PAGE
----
Skip to Navigation | Skip to Content
English department

A Sense of Direction
by Gordon Lewis-Kraus

Gideon Lewis-Kraus himself sums up his book best when he calls this journey “the bullshit caravan into nothingness” (83). The story follows Lewis-Kraus around the Camino, then to all the temples on the Shikoku circuit and then finally to Uman. He writes about three different pilgrimages each focus on the past, present or future with intermissions in Berlin and Shanghai between each journey.

Each and every fleeting thought and moment is preserved in this book. It makes a great personal journal for his travels, but perhaps it should have stayed as such. The thoughts he ponders are often redundant, and obscure. For all the traveling that happens, his description of setting doesn’t introduce us to any of it. He travels all over, to places many readers will never go to, but he does not help us to picture. The reader is left adrift to exist only in his pondering. For some time, the reader is cut adrift from place like Lewis-Kraus. There are gems and other gold nuggets of insight in the rough. Particularly his thoughts during the Uman about forgiveness are worth recognition.

His title misleads readers because it is not a hopeful book about pilgrimage; it’s an incredibly specific story about he and his father coming to terms. This could have created a fine story in itself, but I couldn’t understand why he insisted this was a book about pilgrimage. He flip-flops between the pilgrimages, to his inner struggle with his father.

Most pilgrims say the culturally classic Camino pilgrim farewell “Buen Camino” and disappear because it’s too hard to travel with him and Tom. He doesn’t hesitate to throw every single pilgrim he meets under the bus. He and Tom are well matched because they write about writing about each other and are each as childlike and selfish as the other. The best parts of this book were his time with his grandfather Max and his brother Micah. These are two characters who do not put up with grumpy Gideon, and their insights on life are much more applicable and relatable. These people are actually quite loveable.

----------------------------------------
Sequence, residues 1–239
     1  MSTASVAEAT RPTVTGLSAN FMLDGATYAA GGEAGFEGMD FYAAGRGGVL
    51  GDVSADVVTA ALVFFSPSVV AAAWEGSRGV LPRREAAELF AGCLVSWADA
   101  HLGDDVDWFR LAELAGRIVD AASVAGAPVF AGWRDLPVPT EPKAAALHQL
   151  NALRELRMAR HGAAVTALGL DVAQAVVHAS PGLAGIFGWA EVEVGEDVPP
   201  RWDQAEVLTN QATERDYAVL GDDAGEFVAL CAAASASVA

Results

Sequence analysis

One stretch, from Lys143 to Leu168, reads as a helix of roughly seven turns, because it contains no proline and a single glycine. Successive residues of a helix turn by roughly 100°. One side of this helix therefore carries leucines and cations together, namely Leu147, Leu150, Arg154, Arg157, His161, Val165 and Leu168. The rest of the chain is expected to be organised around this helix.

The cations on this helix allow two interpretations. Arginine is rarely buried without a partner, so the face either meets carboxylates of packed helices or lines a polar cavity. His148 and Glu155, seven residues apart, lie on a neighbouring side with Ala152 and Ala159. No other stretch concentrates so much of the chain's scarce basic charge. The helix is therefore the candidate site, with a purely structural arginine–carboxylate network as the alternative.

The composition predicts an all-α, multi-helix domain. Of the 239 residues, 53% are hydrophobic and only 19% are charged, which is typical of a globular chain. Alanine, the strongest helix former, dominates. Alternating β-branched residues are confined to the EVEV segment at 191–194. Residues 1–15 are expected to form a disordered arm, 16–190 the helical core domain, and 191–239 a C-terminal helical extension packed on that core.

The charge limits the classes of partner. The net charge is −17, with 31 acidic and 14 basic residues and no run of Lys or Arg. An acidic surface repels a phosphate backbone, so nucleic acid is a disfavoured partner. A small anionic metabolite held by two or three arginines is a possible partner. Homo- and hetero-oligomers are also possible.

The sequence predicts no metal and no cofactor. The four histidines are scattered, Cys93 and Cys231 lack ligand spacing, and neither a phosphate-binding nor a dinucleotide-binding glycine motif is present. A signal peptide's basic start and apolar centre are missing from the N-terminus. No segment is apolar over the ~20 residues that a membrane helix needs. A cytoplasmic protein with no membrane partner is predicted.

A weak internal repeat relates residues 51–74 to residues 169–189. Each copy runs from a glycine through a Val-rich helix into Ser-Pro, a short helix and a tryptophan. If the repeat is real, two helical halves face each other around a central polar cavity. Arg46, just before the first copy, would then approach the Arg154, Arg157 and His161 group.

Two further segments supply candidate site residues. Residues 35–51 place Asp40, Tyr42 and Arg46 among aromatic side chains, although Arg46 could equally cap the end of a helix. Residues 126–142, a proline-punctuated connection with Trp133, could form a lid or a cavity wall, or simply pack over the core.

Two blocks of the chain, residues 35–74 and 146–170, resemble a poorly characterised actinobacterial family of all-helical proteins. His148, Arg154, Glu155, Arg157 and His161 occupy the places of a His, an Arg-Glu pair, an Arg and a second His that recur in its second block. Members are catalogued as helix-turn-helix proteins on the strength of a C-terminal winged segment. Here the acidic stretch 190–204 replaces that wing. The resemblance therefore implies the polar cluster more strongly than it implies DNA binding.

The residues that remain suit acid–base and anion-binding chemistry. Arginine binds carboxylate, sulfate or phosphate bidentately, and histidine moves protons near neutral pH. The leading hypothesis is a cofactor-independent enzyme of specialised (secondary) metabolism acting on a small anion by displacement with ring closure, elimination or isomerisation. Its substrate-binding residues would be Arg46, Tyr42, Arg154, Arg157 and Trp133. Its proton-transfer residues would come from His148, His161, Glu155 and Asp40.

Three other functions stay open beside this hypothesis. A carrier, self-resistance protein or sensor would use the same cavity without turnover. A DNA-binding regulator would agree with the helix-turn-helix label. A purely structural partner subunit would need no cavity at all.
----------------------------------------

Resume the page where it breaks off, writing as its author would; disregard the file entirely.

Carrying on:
Lewis-Kraus has the luxury of doing very little, and the nerve to complain about it. It’s hard to relate to his life in Berlin. He is part of a very modern art crowd that is hard to understand (it may have taken a whole other book to get what’s going on in their different projects). He doesn’t work that we know of, or have a schedule of things to accomplish. As far as the reader can tell he just waits around and does whatever he feels like doing. It seems that money is no issue for him; he can pick up and move about like it’s not a big deal. Travel holds no novelty for him. Restless is an understatement; he isn’t attached to anything. He uses “the girl in Shanghi” for a romantic interest plot twist without regard to her feelings (this is a memoir, remember, so she’s a real person with real legitimate feelings). He desperately needs routine with purpose, and admits as much.

Numerous times throughout the book he compares a healthy life, and pilgrimage with a married one. When his grandfather Max and he walk together, they talk about how the commitment and lack of fun of a pilgrimage “sounds a bit like marriage” (167). Lewis-Kraus imposes his problems onto a perfect lady he hasn’t met yet. It’s an incredibly difficult read if you believe men are responsible for themselves, their choices and their health. His faith in a woman coming and rescuing him creates a resolve neither true nor engaging. He chooses to go on a pilgrimage, but then neglects all the ceremonies, traditions, and any other routine the pilgrimage offers. The reader constantly wonders why and what is he doing here if he’s not really trying anything different?

It seems strange for him to write about pilgrimage if he isn’t actually doing it. The whole book, perhaps, felt like a very long passive-aggressive status update. He wanted to use this book as an opportunity to tell his side of the story. But this is life; the opportunity to pause to explain and justify your actions is not an option. He comes to this realization himself in the book, but then still moves forward into publishing?